• Overview What?What are OERs? Who? How?Who is releasing OERs? How do they do release them? Why?Why do they do want torelease them?
  • What are OERs?Open:Easy to define (if dogmatic)Educational Resources:Harder to pin down (because pragmatic)
  • Dogmatic definition of OPEN“open educationalresources should befreely shared throughopen licences whichfacilitate use, revision,translation,improvement andsharing by anyone” Capetown declaration on open education http://www.capetowndeclaration.org
  • More dogmatic definition of OPEN“open educationalresources should befreely shared throughopen licences whichfacilitate use, revision,translation,improvement andsharing by anyone” Capetown declaration on open education http://www.capetowndeclaration.org So not ND
  • Even more dogmatic definition“open educationalresources should befreely shared throughopen licences whichfacilitate use, revision,translation,improvement andsharing by anyone” Capetown declaration on open education http://www.capetowndeclaration.org So not NC?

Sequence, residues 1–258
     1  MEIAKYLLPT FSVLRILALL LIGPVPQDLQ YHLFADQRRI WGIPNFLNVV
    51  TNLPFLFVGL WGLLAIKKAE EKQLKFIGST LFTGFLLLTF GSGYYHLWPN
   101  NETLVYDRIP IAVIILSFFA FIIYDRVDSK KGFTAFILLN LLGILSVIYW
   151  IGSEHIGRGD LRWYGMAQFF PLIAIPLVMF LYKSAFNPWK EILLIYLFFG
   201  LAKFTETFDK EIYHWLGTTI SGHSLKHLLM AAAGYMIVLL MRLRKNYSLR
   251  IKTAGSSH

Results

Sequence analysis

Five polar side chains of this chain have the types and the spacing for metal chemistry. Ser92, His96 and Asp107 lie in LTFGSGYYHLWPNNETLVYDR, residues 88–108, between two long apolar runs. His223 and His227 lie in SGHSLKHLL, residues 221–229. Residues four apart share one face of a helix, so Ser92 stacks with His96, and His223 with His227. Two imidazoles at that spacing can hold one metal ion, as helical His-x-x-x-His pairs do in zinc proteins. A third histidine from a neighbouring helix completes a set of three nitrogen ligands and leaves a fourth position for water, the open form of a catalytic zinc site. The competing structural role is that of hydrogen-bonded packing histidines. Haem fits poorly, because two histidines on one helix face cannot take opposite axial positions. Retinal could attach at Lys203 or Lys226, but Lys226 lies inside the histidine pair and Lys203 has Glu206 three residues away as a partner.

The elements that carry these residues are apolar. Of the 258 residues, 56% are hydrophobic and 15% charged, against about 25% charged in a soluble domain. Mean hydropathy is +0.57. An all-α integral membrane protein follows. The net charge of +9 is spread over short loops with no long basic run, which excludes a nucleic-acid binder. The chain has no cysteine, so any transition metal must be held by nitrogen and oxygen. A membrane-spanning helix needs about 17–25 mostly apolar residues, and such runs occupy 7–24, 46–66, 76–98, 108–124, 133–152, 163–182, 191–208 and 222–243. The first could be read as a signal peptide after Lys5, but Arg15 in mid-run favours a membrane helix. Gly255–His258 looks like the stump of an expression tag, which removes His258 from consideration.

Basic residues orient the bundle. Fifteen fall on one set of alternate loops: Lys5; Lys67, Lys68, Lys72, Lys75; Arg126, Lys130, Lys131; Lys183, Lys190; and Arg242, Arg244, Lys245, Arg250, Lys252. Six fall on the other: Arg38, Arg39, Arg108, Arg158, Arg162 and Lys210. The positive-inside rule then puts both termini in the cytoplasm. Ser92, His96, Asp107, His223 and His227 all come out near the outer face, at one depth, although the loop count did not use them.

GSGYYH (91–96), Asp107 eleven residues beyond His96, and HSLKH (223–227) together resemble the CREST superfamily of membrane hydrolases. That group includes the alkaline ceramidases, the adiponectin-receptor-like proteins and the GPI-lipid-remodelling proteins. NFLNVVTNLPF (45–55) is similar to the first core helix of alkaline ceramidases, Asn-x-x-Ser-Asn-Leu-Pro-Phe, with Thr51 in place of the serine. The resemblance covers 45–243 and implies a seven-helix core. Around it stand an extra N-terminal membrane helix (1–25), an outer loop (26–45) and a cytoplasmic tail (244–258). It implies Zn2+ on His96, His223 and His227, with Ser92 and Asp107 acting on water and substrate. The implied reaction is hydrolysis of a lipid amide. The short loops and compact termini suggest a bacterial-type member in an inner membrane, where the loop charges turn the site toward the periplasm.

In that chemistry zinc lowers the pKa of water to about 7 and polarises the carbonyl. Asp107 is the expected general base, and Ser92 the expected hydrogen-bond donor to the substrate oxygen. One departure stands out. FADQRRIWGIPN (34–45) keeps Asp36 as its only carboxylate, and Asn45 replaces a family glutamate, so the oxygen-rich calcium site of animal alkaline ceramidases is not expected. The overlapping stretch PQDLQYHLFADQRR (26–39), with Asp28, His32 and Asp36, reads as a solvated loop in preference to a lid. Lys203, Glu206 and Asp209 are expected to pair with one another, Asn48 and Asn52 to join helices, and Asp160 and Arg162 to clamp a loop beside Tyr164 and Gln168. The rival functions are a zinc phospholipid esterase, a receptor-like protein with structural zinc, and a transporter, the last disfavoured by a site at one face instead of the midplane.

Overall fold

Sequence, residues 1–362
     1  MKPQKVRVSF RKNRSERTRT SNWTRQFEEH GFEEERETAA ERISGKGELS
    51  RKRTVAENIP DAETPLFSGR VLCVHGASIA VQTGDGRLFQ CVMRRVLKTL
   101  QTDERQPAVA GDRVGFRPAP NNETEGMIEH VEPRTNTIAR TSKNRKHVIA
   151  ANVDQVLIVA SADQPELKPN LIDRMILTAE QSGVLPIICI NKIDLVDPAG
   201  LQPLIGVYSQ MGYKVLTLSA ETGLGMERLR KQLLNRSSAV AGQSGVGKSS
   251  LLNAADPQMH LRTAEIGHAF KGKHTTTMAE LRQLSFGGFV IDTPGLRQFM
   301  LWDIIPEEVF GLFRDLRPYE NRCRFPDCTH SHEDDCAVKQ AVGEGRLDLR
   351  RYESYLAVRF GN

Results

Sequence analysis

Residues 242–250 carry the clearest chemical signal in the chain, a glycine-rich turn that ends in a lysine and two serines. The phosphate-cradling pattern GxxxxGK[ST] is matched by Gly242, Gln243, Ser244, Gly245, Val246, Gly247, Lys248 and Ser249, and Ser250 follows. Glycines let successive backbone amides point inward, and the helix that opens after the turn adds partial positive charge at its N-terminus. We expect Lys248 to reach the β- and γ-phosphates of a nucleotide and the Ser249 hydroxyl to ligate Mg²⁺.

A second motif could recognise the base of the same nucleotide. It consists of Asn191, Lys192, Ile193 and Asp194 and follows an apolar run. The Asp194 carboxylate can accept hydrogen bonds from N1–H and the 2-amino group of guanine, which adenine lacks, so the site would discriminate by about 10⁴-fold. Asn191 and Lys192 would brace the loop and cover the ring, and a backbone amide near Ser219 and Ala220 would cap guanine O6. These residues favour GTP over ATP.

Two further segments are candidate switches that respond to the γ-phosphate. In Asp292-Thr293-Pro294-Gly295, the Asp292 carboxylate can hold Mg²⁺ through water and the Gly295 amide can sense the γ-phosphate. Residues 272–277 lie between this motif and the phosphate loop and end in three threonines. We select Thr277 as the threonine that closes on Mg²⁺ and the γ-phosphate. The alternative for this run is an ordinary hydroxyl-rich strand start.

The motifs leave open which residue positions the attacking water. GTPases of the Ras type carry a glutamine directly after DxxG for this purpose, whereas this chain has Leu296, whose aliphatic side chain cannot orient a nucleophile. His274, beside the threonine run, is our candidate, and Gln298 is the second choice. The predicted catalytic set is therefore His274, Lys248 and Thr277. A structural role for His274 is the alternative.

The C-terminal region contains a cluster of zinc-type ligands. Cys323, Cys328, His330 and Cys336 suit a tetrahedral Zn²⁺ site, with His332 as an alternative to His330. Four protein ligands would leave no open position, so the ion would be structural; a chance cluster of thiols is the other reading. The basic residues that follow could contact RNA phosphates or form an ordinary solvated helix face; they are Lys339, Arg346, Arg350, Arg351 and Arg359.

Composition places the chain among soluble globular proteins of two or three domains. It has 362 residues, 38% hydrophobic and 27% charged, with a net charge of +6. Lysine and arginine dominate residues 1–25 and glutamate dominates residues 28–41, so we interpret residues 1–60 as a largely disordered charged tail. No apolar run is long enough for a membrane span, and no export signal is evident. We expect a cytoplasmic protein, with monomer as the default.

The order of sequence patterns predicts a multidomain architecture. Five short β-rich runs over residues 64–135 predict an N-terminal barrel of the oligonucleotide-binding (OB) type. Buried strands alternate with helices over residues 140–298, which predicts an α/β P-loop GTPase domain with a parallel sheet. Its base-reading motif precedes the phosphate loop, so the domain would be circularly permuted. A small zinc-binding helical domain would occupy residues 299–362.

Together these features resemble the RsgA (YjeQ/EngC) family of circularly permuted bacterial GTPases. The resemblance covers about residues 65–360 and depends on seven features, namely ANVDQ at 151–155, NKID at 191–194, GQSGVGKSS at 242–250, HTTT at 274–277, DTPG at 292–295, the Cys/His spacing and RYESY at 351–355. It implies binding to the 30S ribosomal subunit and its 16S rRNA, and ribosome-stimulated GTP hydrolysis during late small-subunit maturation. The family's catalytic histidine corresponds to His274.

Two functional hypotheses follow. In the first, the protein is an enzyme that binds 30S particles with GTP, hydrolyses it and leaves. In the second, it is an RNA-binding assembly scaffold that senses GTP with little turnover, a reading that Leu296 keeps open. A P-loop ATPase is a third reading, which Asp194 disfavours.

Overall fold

• Define “Educational Resource” (courseware, learning objects, teaching resources, educational materials) Dogmatic definitions don’t work here
  • Santa’s Chair © Daniel R Blume, CC-BY-SAhttp://www.flickr.com/photos/drb62/1099880155/
  • Arts and industries chair © Darren and Brad, CC-BY-SAhttp://www.flickr.com/photos/ brad-darren/2329466605/
  • Bench © dcJohn CC-BY-SAhttp://www.flickr.com/photos/dcjohn/2946647/
  • from Two Bar Stools © Rennet Stowe CC-BYhttp://www.flickr.com/photos/tomsaint/2897079476
  • Tree Stump 2 © Ashish Joy CC-BYhttp://www.flickr.com/photos/myguitarzz/155124684/
  • Educational Resources Something useful for teaching and learning?Something designed with pedagogic intent? Could be anything.
  • Educational ResourcesWhole coursesLecture notesPresentation slidesLecture handoutsLecture recordingsAssignmentsTests or ExamsReading listsImagesVideosSimulationsText booksStudents’ work screenshot taken from MIT OCW site © MIT. CC-BY-NC-SA http://ocw.mit.edu/courses/electrical-engineering-and-computer-science/